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I am quoting here a user named "blk014" who responded to Pieter's Taproot tweets from 24JAN. I find this user's comments very interesting and would like to ask a developer expert how much of a security issue this "Schnorr's linearity" can be in the future process of finding quantum resistant solutions? And how possibly mitigate or prevent this risks in advance?

While both, ECDSA as well as Schnorr signatures are unsafe vs quantum computers, Taproot exploits Schnorr's linearity for which no quantum-safe replacement is known today. While making Bitcoin quantum-safe is already hard, making Bitcoin-Taproot quantum-safe will be a nightmare.

Enabling taproot now should be supported by a rational risk assessment. The outcome depends on your choice of the following parameters: (1) time until QCs break ECC (2) time until QC-safe taproot replacement developed+vetted (3) time to upgrade network, ...

what to do with ignorant/dead user that wont upgrade (Satoshi, address re-users) whose UTXOs become vulnerable by (1)

Given these risks, an upgrade to tap root is not very risk averse, which is the appropriate approach in developing safety-critical systems, and which was followed so far.

It's not just a matter of priorities, because without taproot achieving QC-safety is hard, but a path is at least on the horizon (cf. current NIST standardization efforts). After taproot, the problem is completely open.

On a final note: I'm not personally against activating taproot (it's very elegant), but I would also like to have consensus on a rational assessment of the risks that are being accepted here [with Taproot].

The user goes on to describe 3 step approach to a solution, where without Taproot only 2 steps would be needed. But with Taproot a much more difficult 3rd step comes into play:

I think there are 3 major QC problems to solve: (1) find an appropriate post-quantum DSA (2) solve the transition problem before QCs become large, (3) find a linear PQ-DSA. Items (1)-(2) have to be solved in any case, as long as you believe QCs will become large eventually.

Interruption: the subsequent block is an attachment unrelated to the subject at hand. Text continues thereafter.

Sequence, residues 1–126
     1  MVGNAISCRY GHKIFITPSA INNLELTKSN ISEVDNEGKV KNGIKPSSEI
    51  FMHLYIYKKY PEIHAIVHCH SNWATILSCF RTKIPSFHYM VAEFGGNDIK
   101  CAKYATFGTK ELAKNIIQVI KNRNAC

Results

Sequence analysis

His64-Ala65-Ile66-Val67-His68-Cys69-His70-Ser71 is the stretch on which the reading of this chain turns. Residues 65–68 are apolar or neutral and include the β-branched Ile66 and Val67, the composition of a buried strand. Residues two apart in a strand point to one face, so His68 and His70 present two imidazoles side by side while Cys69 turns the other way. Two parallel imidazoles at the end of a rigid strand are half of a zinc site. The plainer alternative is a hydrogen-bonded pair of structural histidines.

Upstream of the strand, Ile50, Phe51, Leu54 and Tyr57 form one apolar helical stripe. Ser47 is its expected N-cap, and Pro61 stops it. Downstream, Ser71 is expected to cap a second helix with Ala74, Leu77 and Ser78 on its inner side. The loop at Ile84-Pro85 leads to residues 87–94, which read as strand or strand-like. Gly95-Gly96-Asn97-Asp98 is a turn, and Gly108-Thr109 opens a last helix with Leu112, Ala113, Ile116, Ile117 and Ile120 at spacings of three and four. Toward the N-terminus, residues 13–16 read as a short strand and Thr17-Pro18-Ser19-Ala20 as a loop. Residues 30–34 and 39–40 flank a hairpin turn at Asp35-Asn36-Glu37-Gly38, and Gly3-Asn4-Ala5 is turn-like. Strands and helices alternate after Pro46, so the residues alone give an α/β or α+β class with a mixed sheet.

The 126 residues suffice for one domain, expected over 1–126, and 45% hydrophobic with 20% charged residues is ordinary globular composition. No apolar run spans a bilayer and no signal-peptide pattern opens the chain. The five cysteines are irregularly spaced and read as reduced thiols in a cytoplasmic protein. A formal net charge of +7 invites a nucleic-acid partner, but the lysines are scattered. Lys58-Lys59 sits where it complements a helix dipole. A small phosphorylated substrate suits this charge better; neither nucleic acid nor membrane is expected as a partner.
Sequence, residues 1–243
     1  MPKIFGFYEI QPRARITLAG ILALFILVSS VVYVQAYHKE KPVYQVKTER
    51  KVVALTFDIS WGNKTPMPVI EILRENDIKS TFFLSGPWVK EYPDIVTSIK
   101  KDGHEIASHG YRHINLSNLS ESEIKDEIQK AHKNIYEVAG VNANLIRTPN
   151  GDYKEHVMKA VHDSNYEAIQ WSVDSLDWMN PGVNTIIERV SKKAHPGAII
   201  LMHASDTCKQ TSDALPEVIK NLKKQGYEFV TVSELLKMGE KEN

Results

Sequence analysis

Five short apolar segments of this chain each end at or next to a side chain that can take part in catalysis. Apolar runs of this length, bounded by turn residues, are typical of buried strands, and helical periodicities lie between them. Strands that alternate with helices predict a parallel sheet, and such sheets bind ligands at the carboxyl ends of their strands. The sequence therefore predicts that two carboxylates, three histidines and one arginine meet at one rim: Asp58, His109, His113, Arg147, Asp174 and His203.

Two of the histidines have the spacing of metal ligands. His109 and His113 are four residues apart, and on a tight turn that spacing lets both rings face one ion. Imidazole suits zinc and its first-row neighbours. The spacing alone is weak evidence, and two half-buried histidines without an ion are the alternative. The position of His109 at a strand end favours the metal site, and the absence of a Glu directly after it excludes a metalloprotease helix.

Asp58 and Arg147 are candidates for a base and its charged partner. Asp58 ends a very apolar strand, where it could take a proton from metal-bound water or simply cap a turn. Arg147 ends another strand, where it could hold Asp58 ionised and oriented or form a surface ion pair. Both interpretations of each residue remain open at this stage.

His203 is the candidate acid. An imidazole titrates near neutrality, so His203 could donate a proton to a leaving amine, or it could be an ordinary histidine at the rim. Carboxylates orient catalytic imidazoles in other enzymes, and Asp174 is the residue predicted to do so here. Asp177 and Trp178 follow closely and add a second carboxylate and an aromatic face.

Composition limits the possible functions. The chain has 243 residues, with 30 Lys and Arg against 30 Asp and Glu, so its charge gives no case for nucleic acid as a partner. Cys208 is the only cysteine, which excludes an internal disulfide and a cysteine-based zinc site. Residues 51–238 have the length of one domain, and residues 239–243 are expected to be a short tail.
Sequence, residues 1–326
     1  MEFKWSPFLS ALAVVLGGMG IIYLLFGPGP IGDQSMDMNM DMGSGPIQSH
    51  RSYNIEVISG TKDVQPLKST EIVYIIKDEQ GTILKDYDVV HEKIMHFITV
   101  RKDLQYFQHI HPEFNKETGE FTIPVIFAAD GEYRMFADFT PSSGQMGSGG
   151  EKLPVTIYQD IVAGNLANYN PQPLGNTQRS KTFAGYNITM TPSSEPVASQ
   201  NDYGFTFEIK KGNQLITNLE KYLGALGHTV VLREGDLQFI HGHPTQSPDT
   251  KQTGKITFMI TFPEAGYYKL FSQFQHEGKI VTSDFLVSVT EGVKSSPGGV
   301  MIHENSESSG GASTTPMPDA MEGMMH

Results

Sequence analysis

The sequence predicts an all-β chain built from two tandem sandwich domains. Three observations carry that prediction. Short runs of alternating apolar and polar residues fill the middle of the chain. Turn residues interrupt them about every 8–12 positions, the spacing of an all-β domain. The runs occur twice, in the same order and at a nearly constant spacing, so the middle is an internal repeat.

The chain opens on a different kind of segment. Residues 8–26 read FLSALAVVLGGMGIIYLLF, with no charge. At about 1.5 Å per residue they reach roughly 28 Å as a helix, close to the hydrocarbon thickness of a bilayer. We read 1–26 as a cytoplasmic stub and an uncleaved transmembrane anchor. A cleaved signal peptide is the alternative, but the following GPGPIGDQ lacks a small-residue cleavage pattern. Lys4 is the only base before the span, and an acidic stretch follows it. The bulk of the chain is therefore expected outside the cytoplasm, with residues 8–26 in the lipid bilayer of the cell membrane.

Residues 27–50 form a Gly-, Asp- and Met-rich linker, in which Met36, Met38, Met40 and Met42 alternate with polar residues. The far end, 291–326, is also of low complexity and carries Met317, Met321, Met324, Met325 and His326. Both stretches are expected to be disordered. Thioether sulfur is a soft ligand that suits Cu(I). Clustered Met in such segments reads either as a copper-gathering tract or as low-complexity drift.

And Goolge's recent Quantum Supremacy experiment is significant evidence that we are on that track. With taproot activated, we also need to solve (3). If we solve (1) and (3) together, this may take too long to achieve (2). That's the risk we take by activating taproot now.

it might push the the time to make Bitcoin quantum-secure from 5-10 to 10-20 years, as much more research is needed. Risk assessment should conclude whether we have the time and want to take the risk.

Thanks for your expert views on this issue.

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    I have a hard time answering this because it contains so many misconceptions. DSA is inherently vulnerable to quantum computers, linearity is not the problem, "linear DSA" makes no sense to me - DSA doesn't have the linearity property, and a solution for all these problems exists in the form of post-quantum zero-knowledge proofs ... they're just really big for now, so not really usable. – Pieter Wuille Jan 30 at 17:41
  • thx Pieter! this sounds very confident from you! but since I have literally no clue, the other user's arguments sounded equally confident. But nice to hear there are solutions in your mind. i did not know that zk proofs can be used for QC resistancy. If this is the case, maybe another zk proof concept called "ZK-Starks" could also be of help. Or a concept called "trustless recursive zk-proofs" developed by the Zcash team, its called "HALO". They claim "small proof sizes". Maybe interesting when your main problem is "big for now". Good luck tackling QC!! – johnsmiththelird Jan 30 at 17:50
  • There are dozens of zero-knowledge proof systems being developed (the field has really exploded the past few years), and some of them (including zkSTARKs) can be made PQC. However, all the ones that can have very large proof sizes. The compact ones (like Bulletproofs, Halo, ...) cannot be PQC. – Pieter Wuille Jan 30 at 17:53
  • And I'm not sure confidence is the right word. I don't think we have PQC solutions for Bitcoin with acceptable tradeoffs right now, but QC that can break cryptography are also not a real threat (it's unclear if the engineering challenges can be overcome at all, and if they do, we'll likely see them coming decades in advance). – Pieter Wuille Jan 30 at 17:56
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Let me start by addressing the misconceptions in the posts you're quoting.

DSA (and Schnorr) are inherently based on the discrete logarithm problem, which is vulnerable to (sufficiently powerful) quantum computers. As a result, there is no such thing as a "post-quantum DSA". DSA also doesn't have Schnorr's linearity property - if "linear DSA" means anything it would just be a weird way to refer to Schnorr (DSA is a modification of Schnorr that was intended to circumvent his patent). There do exist digital signature schemes that are (plausibly) post-quantum secure, but they are not based on the discrete logarithm problem, and they're generally very large.